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Dragonball Z: Burst Limit

Dragonball Z: Burst Limit

‘Chi’, or as they call it in the Dragonball world ‘Ki’, is the force that sustains life. It surrounds us, pervades us and it can also be manipulated. Trained souls can thus fire a concentrated beam of energy. This principle has been demonstrated many times on TV by Goku and his friends. With this, they have defeated intergalactic tyrants like Frieza and the organic android Cell. Their stories have been told dozens of times in both games and the popular anime. Now it’s finally time for the next-gen consoles. This in the form of Dragonball Z: Burst Limit.

Enjoyable, but in moderation

As always, you will continue to play through the story of the series here. Fortunately, this time you will not be presented with everything again. Burst Limit only tells the Saiyan Saga up to and including the Cell Saga. You play almost every fight in the series between the available characters. This is of course very nice for fans, but for newcomers the game will come across as very unclear. You are thrown into a fight right away, without any introduction of the characters. Most things are obvious, but to really understand it it is useful to have seen these sagas. In addition, entire sections are skipped. For example, the Android, Cell and Cell Games Sagas are merged into one Cell Saga. In this way you have completed the ‘Z-chronicles’ quite quickly. When you’re done with the whole story on one difficulty setting, you can still get some fights from the DBZ special ‘Bardock, Father of Goku’ and the movie ‘Broly’s Second Coming’.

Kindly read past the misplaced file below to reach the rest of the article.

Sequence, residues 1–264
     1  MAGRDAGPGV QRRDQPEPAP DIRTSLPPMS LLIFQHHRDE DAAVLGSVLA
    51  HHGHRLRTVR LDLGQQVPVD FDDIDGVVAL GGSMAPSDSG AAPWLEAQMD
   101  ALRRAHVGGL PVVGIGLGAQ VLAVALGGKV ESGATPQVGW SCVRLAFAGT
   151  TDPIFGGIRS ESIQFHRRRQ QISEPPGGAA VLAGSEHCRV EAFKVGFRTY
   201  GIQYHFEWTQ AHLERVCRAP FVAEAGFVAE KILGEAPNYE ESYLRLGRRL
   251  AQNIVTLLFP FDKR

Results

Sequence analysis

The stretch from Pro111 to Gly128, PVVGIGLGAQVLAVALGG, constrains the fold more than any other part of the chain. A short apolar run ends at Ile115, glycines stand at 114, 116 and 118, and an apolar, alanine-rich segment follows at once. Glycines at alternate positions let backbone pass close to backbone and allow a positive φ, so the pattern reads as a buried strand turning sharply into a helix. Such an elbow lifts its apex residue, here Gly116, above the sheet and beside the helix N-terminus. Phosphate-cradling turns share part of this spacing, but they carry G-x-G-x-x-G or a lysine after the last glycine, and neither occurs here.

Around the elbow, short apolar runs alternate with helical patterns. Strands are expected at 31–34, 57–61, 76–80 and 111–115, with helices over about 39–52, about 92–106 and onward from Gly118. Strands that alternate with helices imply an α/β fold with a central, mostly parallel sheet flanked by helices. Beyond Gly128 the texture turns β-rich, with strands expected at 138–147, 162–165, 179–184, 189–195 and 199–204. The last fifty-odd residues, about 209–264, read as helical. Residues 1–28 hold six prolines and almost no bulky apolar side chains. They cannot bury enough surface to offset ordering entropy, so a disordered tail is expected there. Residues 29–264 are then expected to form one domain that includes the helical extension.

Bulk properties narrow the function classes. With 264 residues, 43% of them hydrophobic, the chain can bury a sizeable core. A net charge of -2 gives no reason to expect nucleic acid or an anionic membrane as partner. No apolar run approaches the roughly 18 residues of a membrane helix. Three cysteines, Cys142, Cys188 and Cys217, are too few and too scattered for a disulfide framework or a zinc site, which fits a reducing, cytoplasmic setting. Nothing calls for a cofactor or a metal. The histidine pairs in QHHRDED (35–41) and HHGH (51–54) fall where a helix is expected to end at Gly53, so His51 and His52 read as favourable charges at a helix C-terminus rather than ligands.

As you probably could have imagined by now, you can also play with Broly and Bardock in Burst Limit. However, there are only 21 playable characters in the entire game. These are very few for a DBZ game, while that is what always made the games fun. For example, in Budokai Tenkaichi 3 three you had 101 characters. A problem that always arose with that was that many characters have the same attacks and also play the same. In Burst Limit you already have a lot less of this, but it still occurs. Fortunately, the characters are much better balanced. For example, Krillin and Gohan are fast and very small, so they are less good to hit. Nappa and Broly, on the other hand, are very big and clumsy, but powerful again. This way it doesn’t matter which character you play with and it is very accessible for everyone.